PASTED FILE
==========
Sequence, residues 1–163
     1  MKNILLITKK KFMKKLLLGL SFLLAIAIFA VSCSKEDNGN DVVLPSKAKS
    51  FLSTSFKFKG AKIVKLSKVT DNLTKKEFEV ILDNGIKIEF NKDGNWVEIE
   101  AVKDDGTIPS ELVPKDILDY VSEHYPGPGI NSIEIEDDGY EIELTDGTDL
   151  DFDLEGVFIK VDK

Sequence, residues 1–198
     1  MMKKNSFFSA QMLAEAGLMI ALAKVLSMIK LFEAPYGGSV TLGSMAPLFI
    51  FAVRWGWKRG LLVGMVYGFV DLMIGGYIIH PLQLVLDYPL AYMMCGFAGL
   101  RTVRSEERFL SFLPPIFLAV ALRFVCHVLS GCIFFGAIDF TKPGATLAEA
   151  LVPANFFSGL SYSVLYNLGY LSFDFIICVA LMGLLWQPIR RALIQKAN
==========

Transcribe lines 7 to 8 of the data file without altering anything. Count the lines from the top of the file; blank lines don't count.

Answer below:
     1  MMKKNSFFSA QMLAEAGLMI ALAKVLSMIK LFEAPYGGSV TLGSMAPLFI
    51  FAVRWGWKRG LLVGMVYGFV DLMIGGYIIH PLQLVLDYPL AYMMCGFAGL